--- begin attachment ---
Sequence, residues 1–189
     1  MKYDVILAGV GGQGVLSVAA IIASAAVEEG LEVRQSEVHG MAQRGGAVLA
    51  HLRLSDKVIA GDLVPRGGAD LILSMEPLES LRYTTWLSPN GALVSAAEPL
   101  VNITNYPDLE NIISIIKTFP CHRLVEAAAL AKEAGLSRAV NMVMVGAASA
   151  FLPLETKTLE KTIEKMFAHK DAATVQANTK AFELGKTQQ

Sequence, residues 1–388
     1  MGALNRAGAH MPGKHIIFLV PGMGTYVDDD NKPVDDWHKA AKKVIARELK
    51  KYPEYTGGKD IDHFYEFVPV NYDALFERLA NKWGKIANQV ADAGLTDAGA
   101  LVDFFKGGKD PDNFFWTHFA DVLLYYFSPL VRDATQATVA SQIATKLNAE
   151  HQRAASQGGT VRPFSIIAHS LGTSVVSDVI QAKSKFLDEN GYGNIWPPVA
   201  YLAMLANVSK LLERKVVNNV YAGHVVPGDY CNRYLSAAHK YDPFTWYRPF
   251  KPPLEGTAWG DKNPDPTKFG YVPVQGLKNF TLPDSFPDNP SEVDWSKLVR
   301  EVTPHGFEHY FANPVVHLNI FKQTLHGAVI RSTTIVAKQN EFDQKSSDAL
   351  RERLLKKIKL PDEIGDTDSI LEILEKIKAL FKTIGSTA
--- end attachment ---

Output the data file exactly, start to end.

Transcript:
Sequence, residues 1–189
     1  MKYDVILAGV GGQGVLSVAA IIASAAVEEG LEVRQSEVHG MAQRGGAVLA
    51  HLRLSDKVIA GDLVPRGGAD LILSMEPLES LRYTTWLSPN GALVSAAEPL
   101  VNITNYPDLE NIISIIKTFP CHRLVEAAAL AKEAGLSRAV NMVMVGAASA
   151  FLPLETKTLE KTIEKMFAHK DAATVQANTK AFELGKTQQ

Sequence, residues 1–388
     1  MGALNRAGAH MPGKHIIFLV PGMGTYVDDD NKPVDDWHKA AKKVIARELK
    51  KYPEYTGGKD IDHFYEFVPV NYDALFERLA NKWGKIANQV ADAGLTDAGA
   101  LVDFFKGGKD PDNFFWTHFA DVLLYYFSPL VRDATQATVA SQIATKLNAE
   151  HQRAASQGGT VRPFSIIAHS LGTSVVSDVI QAKSKFLDEN GYGNIWPPVA
   201  YLAMLANVSK LLERKVVNNV YAGHVVPGDY CNRYLSAAHK YDPFTWYRPF
   251  KPPLEGTAWG DKNPDPTKFG YVPVQGLKNF TLPDSFPDNP SEVDWSKLVR
   301  EVTPHGFEHY FANPVVHLNI FKQTLHGAVI RSTTIVAKQN EFDQKSSDAL
   351  RERLLKKIKL PDEIGDTDSI LEILEKIKAL FKTIGSTA